"Today, it is exactly like in 1993. Nobody had thought of organizing relief services for survivors, casualties and the hundreds of thousands of displaced persons. Other countries have professional disaster relief services. As for us, we vegetate in daily catastrophes and such services are inexistent.
BURUNDI’S UNKNOWN HEROES Author: Susan Koscis, Search for Common Ground Originally Published at Peace and Conflict Monitor on: 03/18/2004 BURUNDI’S UNKNOWN HEROES The story of Burundi’s heroes is one of humanity against all odds. It is a story of courage in the midst of crisis, of defiance in the
Vital Nshimirimana discusses the issue of protection of human rights defenders in Burundi. He argues that human rights defenders are subject to assassinations, kidnappings, death threats and intimidations. He assesses the relationship between human rights defenders and public authorities and regrets that activists are often viewed as enemies of the
Vital Nshimirimana discusses the relationship between civil society and public institiutions in Burundi.He argues that a permanent tension exists in defining civil society. He suggests that such a tension might be resolved in the light of the definitions adopted by several international organisations of which Burundi is party.Indeed,
Vital Nshimirimana discusses the transitional justice process as planned by the government of Burundi for 2012. He argues that issues including ongoing insecurity, human rights abuses, lack of dialogue and trust among social partners, as well as lack of rule of law will undermine the process.Vital Nshimirimana discusses the transitional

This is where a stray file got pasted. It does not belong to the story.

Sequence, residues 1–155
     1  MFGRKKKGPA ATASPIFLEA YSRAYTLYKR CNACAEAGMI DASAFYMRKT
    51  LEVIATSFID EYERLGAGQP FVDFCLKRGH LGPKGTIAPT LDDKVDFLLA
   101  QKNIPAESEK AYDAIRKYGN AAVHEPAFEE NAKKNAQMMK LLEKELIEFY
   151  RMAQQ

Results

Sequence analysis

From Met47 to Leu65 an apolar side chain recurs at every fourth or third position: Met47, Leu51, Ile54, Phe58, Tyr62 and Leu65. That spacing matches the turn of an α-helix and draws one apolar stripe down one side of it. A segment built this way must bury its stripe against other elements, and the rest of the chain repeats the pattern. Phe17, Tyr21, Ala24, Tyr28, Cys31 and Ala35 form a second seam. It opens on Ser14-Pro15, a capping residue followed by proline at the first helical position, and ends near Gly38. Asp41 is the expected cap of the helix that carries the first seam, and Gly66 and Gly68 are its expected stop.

The "Ezulwini Consensus" has endorsed the Responsibility to protect (R2P) that recognizes the "right to intervene when a State is unwilling or unable to protect its populations" from genocide, war crimes, ethnic cleansing and crimes against humanity. In such situations, the Ezulwini Consensus emphasizes that regional organizations in areas of
Vital Nshimirimana discusses the transitional justice process as planned by the government of Burundi for 2012. He argues that issues including ongoing insecurity, human rights abuses, lack of dialogue and trust among social partners, as well as lack of rule of law will undermine the process.
Bulelwa Mukenge considers the failures of various peace initiatives in the Eastern part of the Democratic Republic of Congo. Mukenge suggests cooperative dialogue between the Rwandan Government and the Front Democratic for Liberation of Rwanda (FDLR) in order to solve this long-lasting conflict. Since 1994, these peace talks have yet
The Burundi war is sordid like all the other wars in the world. For this reason it must not be singled out. Burundi is plunged into mourning by a violence that the international community, out of ignorance or oversimplification, tends to simply portray as an ethnic war between Hutus and